October 5, 2022
Sacramento — California Energy Commission Chair David Hochschild released the following statement after sending a letter to oil executives last Friday asking for answers on the sudden, unprecedented spike in gas prices over the past month. This price spike is occurring despite decreasing crude oil prices, minimal unplanned outages for maintenance and no new state taxes or fees on gas at the pump.
“As I expressed in my letter to the oil industry last week, the recent sudden increases in prices at the pump are unacceptable and place an undue high burden on California families and businesses. Over the course of 10 days, oil companies increased gas prices by a record 86 cents per gallon. At the end of August, crude oil prices were roughly $100 per barrel, and the average gas price in California was $5.06. Now, even though the price of oil has decreased to $90 per barrel, today the average gas price at the pump has surged to $6.43.
“The oil industry’s lobbying group argued that gas prices increased because of drilling permitting issues, which is misleading. The reality is 40 percent of the oil industry’s approved permits in California are still valid but have not yet been used, and the price increase is occurring at the refining stage of gas production, not the oil extraction stage. And it does not explain the sudden gap between national and California prices.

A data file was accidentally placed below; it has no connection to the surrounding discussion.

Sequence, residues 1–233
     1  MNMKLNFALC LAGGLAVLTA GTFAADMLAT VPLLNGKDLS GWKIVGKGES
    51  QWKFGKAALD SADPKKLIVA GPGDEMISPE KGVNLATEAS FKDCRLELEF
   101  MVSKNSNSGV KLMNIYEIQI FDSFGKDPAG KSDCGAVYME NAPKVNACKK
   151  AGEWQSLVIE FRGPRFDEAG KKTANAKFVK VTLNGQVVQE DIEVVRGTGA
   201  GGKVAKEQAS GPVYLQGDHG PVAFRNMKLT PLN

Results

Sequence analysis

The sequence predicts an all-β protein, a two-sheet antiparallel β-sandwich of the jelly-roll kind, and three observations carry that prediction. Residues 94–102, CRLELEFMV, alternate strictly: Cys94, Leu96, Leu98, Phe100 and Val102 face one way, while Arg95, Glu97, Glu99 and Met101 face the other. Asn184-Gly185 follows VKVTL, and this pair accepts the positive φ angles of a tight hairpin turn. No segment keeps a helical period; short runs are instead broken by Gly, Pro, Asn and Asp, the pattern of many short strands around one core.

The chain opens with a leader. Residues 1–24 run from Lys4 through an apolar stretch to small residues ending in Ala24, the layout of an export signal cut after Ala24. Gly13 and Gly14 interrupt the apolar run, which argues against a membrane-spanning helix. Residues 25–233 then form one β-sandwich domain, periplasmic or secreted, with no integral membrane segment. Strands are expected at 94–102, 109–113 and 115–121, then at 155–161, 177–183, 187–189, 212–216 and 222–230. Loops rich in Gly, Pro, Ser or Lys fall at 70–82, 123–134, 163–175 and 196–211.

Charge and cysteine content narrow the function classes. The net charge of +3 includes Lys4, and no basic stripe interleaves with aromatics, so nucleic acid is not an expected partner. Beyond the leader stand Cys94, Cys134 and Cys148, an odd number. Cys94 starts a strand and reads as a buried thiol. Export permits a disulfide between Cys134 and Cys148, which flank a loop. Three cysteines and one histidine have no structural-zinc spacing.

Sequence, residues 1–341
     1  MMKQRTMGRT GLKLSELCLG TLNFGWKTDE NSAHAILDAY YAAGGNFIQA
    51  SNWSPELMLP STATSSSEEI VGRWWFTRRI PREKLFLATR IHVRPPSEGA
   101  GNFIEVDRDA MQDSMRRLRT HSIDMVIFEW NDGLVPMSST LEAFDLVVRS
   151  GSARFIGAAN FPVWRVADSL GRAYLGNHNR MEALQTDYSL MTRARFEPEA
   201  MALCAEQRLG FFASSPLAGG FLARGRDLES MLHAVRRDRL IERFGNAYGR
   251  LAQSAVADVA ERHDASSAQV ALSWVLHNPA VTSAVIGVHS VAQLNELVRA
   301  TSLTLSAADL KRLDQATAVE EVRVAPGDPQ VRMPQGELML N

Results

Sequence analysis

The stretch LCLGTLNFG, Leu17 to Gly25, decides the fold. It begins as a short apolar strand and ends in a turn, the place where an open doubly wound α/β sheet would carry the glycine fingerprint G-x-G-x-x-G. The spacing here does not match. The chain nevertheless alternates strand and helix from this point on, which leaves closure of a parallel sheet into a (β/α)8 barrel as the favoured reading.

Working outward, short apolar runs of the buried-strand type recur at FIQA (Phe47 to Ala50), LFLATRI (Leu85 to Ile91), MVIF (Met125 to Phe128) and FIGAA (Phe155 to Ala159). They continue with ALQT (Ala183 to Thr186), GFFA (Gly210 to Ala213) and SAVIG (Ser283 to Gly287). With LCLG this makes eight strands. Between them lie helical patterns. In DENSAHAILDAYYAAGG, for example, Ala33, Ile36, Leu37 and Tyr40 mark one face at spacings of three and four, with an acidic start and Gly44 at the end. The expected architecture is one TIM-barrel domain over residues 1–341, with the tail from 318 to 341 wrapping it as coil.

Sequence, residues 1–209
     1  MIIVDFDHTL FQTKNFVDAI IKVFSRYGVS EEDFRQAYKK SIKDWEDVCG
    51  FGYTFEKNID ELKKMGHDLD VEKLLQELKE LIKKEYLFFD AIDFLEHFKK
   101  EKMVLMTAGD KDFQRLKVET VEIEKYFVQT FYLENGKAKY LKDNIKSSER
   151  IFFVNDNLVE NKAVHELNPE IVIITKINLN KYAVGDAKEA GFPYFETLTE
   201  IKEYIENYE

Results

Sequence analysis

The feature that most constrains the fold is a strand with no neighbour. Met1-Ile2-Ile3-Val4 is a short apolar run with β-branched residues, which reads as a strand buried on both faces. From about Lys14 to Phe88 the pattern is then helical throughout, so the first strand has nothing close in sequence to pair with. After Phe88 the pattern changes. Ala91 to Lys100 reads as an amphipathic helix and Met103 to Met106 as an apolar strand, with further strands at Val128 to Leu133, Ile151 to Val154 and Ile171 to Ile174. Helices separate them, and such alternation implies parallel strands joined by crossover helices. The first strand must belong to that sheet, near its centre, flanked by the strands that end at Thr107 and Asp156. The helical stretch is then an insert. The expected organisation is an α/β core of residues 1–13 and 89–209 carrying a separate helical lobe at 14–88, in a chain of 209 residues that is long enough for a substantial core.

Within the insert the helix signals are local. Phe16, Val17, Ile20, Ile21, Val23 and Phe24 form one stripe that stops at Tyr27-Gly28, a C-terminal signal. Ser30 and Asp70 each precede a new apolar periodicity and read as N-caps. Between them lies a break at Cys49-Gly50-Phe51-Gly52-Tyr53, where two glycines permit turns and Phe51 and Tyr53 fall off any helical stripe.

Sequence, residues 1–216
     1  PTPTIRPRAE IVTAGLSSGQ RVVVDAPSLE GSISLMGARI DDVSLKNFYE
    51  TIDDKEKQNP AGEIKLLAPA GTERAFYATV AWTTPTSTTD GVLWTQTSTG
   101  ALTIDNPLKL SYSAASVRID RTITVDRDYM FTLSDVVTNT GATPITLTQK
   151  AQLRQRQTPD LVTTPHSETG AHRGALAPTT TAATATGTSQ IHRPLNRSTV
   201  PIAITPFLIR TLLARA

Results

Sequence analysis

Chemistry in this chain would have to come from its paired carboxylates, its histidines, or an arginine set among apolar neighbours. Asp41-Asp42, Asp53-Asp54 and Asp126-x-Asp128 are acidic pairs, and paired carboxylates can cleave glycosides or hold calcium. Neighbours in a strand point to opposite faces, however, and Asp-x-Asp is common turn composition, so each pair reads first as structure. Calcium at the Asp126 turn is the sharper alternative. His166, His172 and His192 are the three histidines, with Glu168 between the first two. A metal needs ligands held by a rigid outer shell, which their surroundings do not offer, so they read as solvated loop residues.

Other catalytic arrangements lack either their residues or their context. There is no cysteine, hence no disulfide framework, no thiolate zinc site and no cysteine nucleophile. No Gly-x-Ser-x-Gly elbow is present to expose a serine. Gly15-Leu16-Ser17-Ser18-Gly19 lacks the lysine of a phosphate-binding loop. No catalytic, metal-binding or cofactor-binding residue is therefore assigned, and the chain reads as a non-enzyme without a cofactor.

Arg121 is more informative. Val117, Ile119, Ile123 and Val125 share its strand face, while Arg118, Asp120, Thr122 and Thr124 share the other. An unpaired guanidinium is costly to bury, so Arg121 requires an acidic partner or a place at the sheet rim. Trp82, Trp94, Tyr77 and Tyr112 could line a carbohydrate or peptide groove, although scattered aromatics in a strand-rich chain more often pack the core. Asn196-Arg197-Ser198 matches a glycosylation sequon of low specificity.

“Even more alarming, and in need of explanation, is the amount of refinery costs and profits that people pay for every gallon of gas — ballooning by $1.54 for every gallon of gas over the past month.
“Data show even as crude oil prices decreased and state fees and taxes remained unchanged, the price at the pump still went up because refinery costs and profits more than tripled, now accounting for $2.18 for every gallon of gas that Californians buy. What explains a one-month jump in refinery costs and profits, from $0.64 to $2.18.
“In September 2019, five refineries experienced unplanned maintenance issues, and California was faced with several refinery outages. The price spike was a mere 34 cents — a fraction of what Californians have been paying over the past week. Even the 2015 explosion at the ExxonMobil refinery in Torrance caused a price increase of only 46 cents per gallon, and the California Department of Justice deemed this price shock to be exacerbated by illegal price-fixing. So, refinery maintenance alone — especially prescheduled maintenance — cannot explain a sudden $1.54 increase in what refineries charge for every gallon of gas Californians buy.
“All options are on the table to ensure Californians aren’t paying higher gas costs at the whims of the oil industry. Additionally, the CEC will use every tool at its disposal to get answers, and refusal to respond will factor into any fixes necessary.”